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Boston Mayor Michelle Wu ’07 addressed the Harvard College Class of 2022 at the school’s Class Day ceremony on Wednesday, urging graduates to seek truth in themselves and others to drive change.
The College’s Class Day, which celebrates the accomplishments of graduating seniors, was held virtually for the past two years due to the Covid-19 pandemic. In March 2020, students were sent packing amid the escalating public health crisis, forcing the Class of 2022 to spend more than half their college years under pandemic restrictions.
An alumna of Harvard College and Harvard Law School, Wu is the first woman and person of color to be elected mayor of Boston. Wu studied Economics in Currier House during her undergraduate years.
In her speech, Wu reflected on the various ways the University’s motto — “Veritas” — has permeated her own life, encouraging students to “see what is truly real” by diving headfirst into the challenges they seek to address.
“If you’re trying to solve a problem in the world, understand what it feels like first,” Wu said. “Seek out those closest to the challenge, and those who will be most impacted by the solution. I take the T to work because my own deep truth is that I’m a transit nerd, but also because there is no better way to get expertise in transit policy than to experience the system you’re trying to improve day in and day out.”
In her campaign for mayor of Boston, Wu advocated for a Green New Deal for Boston, paid parental leave, and workers’ rights. At Class Day, Wu emphasized the importance of “speaking truth” in order to address the world’s pressing challenges, including climate change, gun violence, and reproductive rights.
“To tackle the challenges we face today, we need to build trust in the urgency of our challenges by seeking the truth of the experiences of those on the ground, speaking the truth when it’s hard, and building the community to solve it,” Wu said.
Amid “waves of misinformation and disbelief,” Wu said it was important to continue to elevate the truth.
“Tell the truth when it’s hard, and uncomfortable, and complex,” Wu said. “Tell it so that we can build and rebuild the trust that’s needed for our brightest future.”
Wu offered her congratulations and said she was “rooting” for the Class of 2022 as she concluded her address.
“You can do anything,” Wu said. “Choose to make what you do impactful, joyful, and true.”
Following opening remarks from Class Committee First Marshal Menatallah N. “Menat” Bahnasy ’22, Dean of the College Rakesh Khurana urged graduating students to utilize the skills they developed at Harvard to envision a more sustainable future.
Khurana painted a picture of a “hopeful version of 2036” — the year of the University’s 400th anniversary.
“In this 2036, climate change is under control, solar and wind converted into electricity have become the backbone of our energy systems, nuclear war is no longer a looming threat,” he said. “Sometime around 2022, we recognized that humanity’s diversity is its strength, and a source of infinite possibility. We realized that the world’s most important resource is its youth.”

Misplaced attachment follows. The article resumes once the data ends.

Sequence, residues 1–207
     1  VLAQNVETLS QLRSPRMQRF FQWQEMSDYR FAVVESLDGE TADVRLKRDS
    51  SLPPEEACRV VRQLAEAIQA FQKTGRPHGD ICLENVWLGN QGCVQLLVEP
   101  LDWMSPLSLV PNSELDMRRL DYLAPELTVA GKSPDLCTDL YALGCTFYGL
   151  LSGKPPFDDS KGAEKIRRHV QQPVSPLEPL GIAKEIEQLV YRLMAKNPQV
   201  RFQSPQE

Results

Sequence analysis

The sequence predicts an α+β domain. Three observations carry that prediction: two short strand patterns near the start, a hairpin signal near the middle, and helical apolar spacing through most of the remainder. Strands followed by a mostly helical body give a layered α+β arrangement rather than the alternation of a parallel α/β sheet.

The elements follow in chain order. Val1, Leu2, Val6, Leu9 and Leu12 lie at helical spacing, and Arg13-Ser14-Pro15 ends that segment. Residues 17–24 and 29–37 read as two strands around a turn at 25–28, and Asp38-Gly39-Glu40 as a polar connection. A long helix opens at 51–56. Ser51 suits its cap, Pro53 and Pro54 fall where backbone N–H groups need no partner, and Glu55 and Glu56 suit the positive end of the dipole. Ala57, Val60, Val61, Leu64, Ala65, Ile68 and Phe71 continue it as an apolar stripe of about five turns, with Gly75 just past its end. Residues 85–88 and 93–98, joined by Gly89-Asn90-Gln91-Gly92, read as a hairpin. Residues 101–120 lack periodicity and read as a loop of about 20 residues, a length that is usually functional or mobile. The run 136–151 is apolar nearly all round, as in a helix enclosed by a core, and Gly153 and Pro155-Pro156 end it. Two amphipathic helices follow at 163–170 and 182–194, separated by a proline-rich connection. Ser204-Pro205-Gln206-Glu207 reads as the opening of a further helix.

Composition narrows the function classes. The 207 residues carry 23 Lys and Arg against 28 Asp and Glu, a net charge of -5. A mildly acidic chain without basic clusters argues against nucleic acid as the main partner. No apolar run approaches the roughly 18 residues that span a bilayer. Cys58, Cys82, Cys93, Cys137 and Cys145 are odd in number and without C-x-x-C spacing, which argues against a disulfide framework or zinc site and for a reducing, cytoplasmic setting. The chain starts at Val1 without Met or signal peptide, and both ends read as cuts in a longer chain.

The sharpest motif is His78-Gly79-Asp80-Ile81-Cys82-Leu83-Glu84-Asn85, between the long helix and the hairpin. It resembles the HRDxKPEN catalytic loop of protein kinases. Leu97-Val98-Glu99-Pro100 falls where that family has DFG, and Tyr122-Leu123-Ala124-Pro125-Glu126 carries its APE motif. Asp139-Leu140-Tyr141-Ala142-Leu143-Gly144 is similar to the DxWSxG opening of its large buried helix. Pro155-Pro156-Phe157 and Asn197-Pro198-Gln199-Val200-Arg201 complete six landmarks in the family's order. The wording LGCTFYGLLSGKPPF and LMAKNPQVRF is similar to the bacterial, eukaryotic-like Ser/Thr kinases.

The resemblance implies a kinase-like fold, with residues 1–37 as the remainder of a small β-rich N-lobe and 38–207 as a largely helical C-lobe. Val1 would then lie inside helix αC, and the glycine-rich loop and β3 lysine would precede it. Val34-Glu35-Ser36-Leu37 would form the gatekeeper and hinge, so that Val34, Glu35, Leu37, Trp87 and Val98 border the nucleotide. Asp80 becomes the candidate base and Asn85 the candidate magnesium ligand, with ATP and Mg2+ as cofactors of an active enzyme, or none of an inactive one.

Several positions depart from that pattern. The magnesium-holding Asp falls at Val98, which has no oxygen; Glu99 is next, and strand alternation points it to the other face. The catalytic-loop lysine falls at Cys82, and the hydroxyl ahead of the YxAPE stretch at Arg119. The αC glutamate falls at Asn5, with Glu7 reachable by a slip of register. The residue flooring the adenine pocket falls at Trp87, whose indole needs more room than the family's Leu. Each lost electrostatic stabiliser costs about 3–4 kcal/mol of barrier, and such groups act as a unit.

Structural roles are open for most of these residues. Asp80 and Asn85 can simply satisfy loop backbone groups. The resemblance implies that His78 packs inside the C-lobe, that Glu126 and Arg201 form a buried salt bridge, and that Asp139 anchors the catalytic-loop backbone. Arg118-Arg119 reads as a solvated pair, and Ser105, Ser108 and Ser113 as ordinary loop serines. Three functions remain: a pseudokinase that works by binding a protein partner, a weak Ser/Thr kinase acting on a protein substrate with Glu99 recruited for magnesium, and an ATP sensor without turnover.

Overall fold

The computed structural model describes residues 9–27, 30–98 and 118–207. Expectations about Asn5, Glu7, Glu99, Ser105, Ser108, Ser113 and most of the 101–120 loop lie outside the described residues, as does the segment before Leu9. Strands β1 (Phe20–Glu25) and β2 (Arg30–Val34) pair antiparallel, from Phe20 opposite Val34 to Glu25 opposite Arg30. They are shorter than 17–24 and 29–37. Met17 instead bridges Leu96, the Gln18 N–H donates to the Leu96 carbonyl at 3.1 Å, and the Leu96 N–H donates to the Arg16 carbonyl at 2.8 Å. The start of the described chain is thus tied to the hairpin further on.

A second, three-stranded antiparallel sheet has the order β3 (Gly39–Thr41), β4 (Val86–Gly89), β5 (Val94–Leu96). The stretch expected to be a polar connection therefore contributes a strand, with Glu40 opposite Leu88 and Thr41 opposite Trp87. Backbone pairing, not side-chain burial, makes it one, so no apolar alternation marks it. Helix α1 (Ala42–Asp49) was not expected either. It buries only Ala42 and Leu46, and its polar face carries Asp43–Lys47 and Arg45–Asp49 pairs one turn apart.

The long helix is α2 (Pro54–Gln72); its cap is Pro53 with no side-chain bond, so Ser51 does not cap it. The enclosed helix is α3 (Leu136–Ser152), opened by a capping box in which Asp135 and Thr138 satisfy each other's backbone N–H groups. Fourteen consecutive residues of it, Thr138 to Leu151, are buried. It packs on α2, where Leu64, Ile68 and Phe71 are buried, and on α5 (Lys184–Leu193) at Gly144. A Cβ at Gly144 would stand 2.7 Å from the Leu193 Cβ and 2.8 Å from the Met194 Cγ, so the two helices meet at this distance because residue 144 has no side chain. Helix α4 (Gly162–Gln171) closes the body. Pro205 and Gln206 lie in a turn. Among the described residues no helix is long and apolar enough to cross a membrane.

“Right now, this vision of 2036 sounds not just unrealistic, but maybe naive and unattainable,” Khurana added. “I don’t know how we’ll get from here to 2036. But I do know that social change begins with bridge-builders. And I know that you all are ready to step into that role.”
Youmna M. Chamieh ’21-’22 delivered the Ivy Oration, quipping about the Harvard experience and likening the school to a “long-term girlfriend.”
“In the courtship stages, back when nothing was guaranteed, we told Harvard that we ‘loved the way it thinks’ and that it was ‘not like other schools,’” Chamieh said. “And now we’re four years in, and we’re like, ‘You put the toilet seat back up.’”
“Except the toilet seat is just divesting from fossil fuels,” she added.
Following years of advocacy efforts from campus groups, the University announced last September that it would allow its remaining investments in the fossil fuel industry to expire.
In the Harvard Oration, Andrew S. Yun ’22 discussed the importance of kindness amid Harvard’s competitive atmosphere.
“It is only when I chose to be honest about my shortcomings that I realized that amid the fierce competition, Harvard also has deep networks of support and care for those willing to seek them out,” Yun said.
In closing remarks, Class Committee Second Marshal Ruth H. Jaensubhakij ’22 reflected on the ways the Class of 2022 has changed during its untraditional tenure at Harvard.
“After Friday, our paths will diverge — for better or for worse,” Jaensubhakij said. “But right now, for this moment in time, we’re all here together. Every decision we’ve made, every class we’ve taken, every late night, every rehearsal and meeting and shuttle ride and spontaneous conversation, they’ve all led us right here.”
“This is an incredibly unique and special group, and this moment — our graduation from Harvard — is unlike any other,” she added.
Prime Minister of New Zealand Jacinda Ardern is set to address the Class of 2022 Thursday during Commencement exercises.
—Staff writer Isabella B. Cho can be reached at firstname.lastname@example.org. Follow her on Twitter @izbcho.
—Staff writer Leah J. Teichholtz can be reached at email@example.com. Follow her on Twitter @LeahTeichholtz.
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